Apply the glue liberally to one side of each joint, spread the glue evenly, and clamp it together. There a countless methods for gluing and clamping, so I’m not going to go into much here.


For the price and strength it is hard to beat using 3/4″ black pipe from your local hardware store and Bessey 3/4″ pipe clamps. F-style clamps are also a good choice, I prefer the orange Jorgeson clamps but I don’t believe they make them any longer, so you could get the comparable Jet Clamps.


I would also recommend using some 6″ bar clamps or something similar to clamp overlapping the joints to assist in a flat glue up.

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Once dry (I usually wait 24 hours) you can scrape of any excess glue and proceed to flatten the board by either a power planer, drum sander, hand plane, etc. This is a very important step to ensure their are no gaps in your final board between the strips.


Step 5: Cut your strips and prepare for final glue up

Here is where you set your table saw, track saw, miter saw, hand saw, or whatever you’re using to cut your 1.75″ strips.


As you cut the strips, keep them in order as they come off the saw. Once your have them all cut, flip them 90 degrees so that your beautiful end grain is now facing up.

This is where you can have some fun flipping and turning the pieces as you wish to create a visually pleasing pattern with the end grain of your wood.

Once you have your board laid out it’s time for the second and final glue up. (unless your going for one of those psychedelic chaos boards that give me a headache to look at….)

Step 6: Final Glue Up

Much like the 1st glue up, using the same glue proceed to spread the glue on one side of each joint and clamp them together. Using cauls, additional clamps, etc to ensure the board is as flat as possible.



After 24 hours in the clamps she is ready for the next step…..

Step 7: Flattening (aka making a absolute mess of your shop)

Like most of the other steps, there are many ways to go about flattening your end grain board. Some of these include a router flattening jig (my preferred method), drum sander, hand planes, and old fashioned hand sanding (may take a few weeks). There is always one in the crowd that says they’ve been putting end grain boards through their planer since they were in diapers without issue, please do not do this. The risk is too great for a failure of the board and/or planer not to mention the tearout, potential deep grooves, and fact that a planer can not get the sides flat and square to each other.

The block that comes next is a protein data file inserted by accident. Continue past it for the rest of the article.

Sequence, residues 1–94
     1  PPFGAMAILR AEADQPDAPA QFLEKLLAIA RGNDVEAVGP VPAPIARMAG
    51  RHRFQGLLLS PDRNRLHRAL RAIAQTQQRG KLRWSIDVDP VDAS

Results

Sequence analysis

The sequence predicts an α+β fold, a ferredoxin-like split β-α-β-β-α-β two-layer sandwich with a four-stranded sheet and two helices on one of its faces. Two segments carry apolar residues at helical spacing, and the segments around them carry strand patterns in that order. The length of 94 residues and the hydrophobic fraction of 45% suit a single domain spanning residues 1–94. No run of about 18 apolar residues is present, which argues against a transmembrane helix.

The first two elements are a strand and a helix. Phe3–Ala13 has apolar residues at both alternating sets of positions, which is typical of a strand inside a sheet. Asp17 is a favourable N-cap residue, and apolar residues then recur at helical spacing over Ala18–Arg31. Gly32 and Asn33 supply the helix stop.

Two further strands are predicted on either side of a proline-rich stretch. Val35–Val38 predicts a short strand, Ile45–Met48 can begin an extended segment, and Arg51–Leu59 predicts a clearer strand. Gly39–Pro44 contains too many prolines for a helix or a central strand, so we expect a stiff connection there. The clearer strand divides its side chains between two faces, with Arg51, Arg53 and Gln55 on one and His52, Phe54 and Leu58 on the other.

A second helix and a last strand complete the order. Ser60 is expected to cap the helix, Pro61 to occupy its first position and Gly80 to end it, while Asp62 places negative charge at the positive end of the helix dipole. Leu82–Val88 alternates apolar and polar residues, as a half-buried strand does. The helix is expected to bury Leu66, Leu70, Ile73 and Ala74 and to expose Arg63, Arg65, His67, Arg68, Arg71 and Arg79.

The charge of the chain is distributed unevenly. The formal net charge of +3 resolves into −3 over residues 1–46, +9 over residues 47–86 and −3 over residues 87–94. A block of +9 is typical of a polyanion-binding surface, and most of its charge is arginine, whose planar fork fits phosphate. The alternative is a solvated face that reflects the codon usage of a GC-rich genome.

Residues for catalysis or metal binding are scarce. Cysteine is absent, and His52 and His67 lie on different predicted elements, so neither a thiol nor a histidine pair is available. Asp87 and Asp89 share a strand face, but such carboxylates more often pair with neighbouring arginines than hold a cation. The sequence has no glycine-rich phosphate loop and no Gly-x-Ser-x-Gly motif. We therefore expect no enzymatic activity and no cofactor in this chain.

I will go into further detail on my flattening process in a later post, but you can look back in my Instagram feed for some pictures and short videos of the jig in use. It is basically a router with a 2″ flattening bit riding in a carriage across two rails. I use tape or wedges to hold the block in place, flatten one side then repeat for the other side.

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Step 8: Final Dimensioning and Edging

Using whatever saw method you choose, here is where you cut your board to it’s final length and width. Pay close attention to make sure your sides are square to each other.

If you had some chipout that occurred during flattening, you can cut it off if really bad, but hopefully its just on a edge that can be routed off.

Once trued up, you can use your router bit of choice (typically roundover for me) to put all of the edges on the board.

This is also the point where you would add any hand holds, juice grooves, etc. Those are a little more involved so I will cover them in detail in a future post.



Lots and lots of sanding. I use my ROS for this progressing from 60, 100, 150, 220, 320, and finally a hand sanding with 600 grit paper.

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Step 10: Finishing

Now that your board is nice and smooth, proceed to finishing the board with whichever food-safe finish you choose.

I know some use Salad Bowl Finish, I find it too plastic-like and kind of defeats the purpose of a warm, natural, wood board for me.

I choose to use food grade mineral oil for a few really heavy soakings follows by a coat or two of my BorkWood Butter, a food-safe oil/wax blend.

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Now you should have a beautiful wooden butcher block fit to be a family heirloom for many years to come!